Contact Sober Nation's Confidential Hotline

If you are seeking drug and alcohol related addiction rehab for yourself or a loved one, the SoberNation.com hotline is a confidential and convenient solution.

Calls to any general hotline (non-facility) will be answered by Delphi Health Group.

Alternatives to finding addiction treatment or learning about substance:

If you wish to contact a specific rehab facility then find a specific rehab facility using our treatment locator page or visit SAMHSA.gov.

To learn more about how Sober Nation operates, please contact us

.
Request A Call Back From A Sober Nation Sponsor

Prove You Are Human!

REQUEST A CALL FROM A REHAB SPECIALIST Please Enter Your Phone Number And Someone Will Be With You Shortly

Prove You Are Human!

Professional & Completely Confidential Help is Standing By. We're here to help!
CONTACT FORM Request A Call-Back From A Certified Addiction Specialist Send Message
Sober Nation

Putting Recovery On The Map

02-17-16 | By

A Guide To Finding Employment In Recovery

Job-in-recovery

If you are starting your recovery journey in earnest, learning how to embrace a sober lifestyle and building a new and healthy life that revolves around recovery becomes your number one goal. During the crucial early stages of recovery, it is necessary for you to establish their independence and gain a strong sense of confidence in themselves as you navigate the often treacherous waters of day-to-day living. One of the most important ways you can gain a sense of confidence and self-esteem in your sobriety is through finding and maintaining employment.

While being able to find and maintain meaningful employment does wonders for your wallet and your sense of independence and self-sufficiency, finding employment in recovery can be a frustrating process.

The Anxiety in Finding Employment While In Recovery

Trying to finding employment in recovery can be a long and frustrating process. While you may feel that you are ready to re-enter the workforce, there are roadblocks that you will encounter in your job search. You may be frustrated in the fact that you have to start over again and may have to find a simple job that pays less than what you were making before your recovery. You may also feel anxiety in trying to explain to prospective employers the gaps that are present in your resume. Whatever you may be feeling or experiencing, it is important to keep in mind that the first step in rebuilding your work history and career starts small.

Where to Start?

It is easy to be overwhelmed when undertaking the process of finding a job, but first things are first–you need to know where to start. Fortunately, many drug treatment programs provide employment coaching and assistance as part of their life and coping skills training. With the help of a professional, you will learn what resources you can use to find employment and you will master the basic skills that will increase your chances of becoming more attractive to prospective employers. These skills can be further refined as you leave formal drug treatment and enroll in some form of aftercare or sober living program.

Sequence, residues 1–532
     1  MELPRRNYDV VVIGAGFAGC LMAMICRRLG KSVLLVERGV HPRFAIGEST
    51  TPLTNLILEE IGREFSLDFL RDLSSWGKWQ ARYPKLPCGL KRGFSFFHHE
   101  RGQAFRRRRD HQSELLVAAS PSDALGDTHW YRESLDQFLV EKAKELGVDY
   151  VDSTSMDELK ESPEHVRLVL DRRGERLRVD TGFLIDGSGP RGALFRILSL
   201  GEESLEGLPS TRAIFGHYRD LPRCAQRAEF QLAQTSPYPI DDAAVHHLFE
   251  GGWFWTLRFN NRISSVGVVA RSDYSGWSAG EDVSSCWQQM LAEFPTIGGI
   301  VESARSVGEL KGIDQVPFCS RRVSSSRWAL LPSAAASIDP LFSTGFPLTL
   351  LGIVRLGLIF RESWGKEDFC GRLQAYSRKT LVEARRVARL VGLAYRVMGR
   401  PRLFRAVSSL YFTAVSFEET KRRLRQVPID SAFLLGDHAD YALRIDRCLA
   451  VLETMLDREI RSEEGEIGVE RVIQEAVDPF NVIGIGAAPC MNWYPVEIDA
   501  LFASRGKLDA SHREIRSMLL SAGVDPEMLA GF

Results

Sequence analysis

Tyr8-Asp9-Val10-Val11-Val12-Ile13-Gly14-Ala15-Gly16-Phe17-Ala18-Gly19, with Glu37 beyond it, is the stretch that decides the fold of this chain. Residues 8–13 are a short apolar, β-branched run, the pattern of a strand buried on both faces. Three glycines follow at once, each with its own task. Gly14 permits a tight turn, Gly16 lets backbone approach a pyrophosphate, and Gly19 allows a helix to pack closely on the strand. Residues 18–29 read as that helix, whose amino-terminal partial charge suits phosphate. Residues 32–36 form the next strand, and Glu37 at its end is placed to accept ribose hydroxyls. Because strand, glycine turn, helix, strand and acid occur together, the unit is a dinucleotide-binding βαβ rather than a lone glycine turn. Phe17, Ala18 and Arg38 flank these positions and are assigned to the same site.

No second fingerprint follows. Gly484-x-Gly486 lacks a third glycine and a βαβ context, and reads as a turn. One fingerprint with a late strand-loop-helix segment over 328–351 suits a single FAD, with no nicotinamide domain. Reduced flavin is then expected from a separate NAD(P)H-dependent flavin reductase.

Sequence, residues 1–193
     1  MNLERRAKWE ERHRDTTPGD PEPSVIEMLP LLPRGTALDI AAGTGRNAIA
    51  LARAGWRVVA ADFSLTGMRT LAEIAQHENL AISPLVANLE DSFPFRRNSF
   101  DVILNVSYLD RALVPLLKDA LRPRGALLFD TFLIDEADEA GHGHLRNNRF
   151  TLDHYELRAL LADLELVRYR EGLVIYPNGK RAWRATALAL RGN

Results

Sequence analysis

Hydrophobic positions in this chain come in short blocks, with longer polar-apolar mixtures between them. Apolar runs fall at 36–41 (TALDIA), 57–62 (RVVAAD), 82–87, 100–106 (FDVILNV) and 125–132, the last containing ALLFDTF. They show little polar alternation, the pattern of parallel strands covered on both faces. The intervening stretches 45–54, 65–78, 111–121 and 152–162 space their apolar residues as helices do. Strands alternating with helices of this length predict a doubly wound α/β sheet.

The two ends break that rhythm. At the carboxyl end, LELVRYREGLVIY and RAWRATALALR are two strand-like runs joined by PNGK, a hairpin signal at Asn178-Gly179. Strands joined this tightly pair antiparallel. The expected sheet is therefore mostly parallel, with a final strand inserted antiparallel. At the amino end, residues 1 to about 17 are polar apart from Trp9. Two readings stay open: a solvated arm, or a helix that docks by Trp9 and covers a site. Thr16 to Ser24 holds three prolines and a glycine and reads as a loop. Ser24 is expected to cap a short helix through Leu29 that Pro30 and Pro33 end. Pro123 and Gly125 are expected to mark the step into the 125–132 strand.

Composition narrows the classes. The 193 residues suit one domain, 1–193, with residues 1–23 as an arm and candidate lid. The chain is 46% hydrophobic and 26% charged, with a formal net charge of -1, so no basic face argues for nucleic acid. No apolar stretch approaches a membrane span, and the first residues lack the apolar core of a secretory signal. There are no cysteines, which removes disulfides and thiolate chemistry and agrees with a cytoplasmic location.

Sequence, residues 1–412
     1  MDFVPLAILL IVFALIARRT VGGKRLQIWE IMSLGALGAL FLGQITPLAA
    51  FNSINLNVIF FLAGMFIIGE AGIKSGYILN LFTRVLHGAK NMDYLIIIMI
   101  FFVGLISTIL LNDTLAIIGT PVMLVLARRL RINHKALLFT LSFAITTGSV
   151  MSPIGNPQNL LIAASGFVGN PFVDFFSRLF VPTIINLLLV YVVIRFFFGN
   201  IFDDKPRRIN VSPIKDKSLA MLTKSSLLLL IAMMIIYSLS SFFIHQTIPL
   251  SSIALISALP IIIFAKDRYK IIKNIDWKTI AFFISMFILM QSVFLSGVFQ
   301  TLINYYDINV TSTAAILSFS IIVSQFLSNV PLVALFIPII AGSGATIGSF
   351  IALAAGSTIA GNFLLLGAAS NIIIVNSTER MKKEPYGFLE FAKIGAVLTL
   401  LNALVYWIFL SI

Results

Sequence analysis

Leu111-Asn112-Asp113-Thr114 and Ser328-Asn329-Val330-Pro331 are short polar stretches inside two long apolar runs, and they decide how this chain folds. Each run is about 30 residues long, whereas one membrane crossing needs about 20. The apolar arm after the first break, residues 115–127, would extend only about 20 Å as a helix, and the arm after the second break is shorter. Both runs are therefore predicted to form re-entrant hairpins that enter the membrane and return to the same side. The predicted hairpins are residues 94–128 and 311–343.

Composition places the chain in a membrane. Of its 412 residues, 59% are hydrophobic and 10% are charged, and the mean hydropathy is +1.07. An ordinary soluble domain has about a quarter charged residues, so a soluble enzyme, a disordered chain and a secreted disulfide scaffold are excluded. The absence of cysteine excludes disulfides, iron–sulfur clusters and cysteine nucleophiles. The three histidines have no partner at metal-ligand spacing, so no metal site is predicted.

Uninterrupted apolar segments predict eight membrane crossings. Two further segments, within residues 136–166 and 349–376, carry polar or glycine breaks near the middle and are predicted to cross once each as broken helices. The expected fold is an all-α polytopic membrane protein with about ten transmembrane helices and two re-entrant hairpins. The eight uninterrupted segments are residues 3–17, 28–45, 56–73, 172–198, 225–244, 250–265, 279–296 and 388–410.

Finding Employment in Recovery: The Interview

When you are looking for your first job in recovery, first impressions are everything–and the interview becomes all important. When you are interviewing with potential employers, you may be unsure whether or not you should mention you are a recovering addict. This can present unique challenges in the fact that disclosing such information may be highly commendable, but employers may automatically prejudiced against you because of your honesty. No matter what job you are applying for, the job market is tough and highly competitive and admitting that you a recovering addict may make the job search more difficult. Additionally, if you omit the fact that you are an addict and are offered a job, your employer may hold that information against you if it were to be found out.

Telling prospective employers about your past history with drug use and addiction is highly personal and it is up to you to disclose that information. Whether or not you choose to disclose that information, you need to know that most recovering addicts are protected under federal civil rights laws against any form of discrimination including employment discrimination. Laws such as the Americans with Disabilities Act (ADA) and the Workforce Investment Act protect the right of individuals with disabilities, which can include those with past substance abuse issues. However, these laws do not protect those who are currently abusing drugs and alcohol.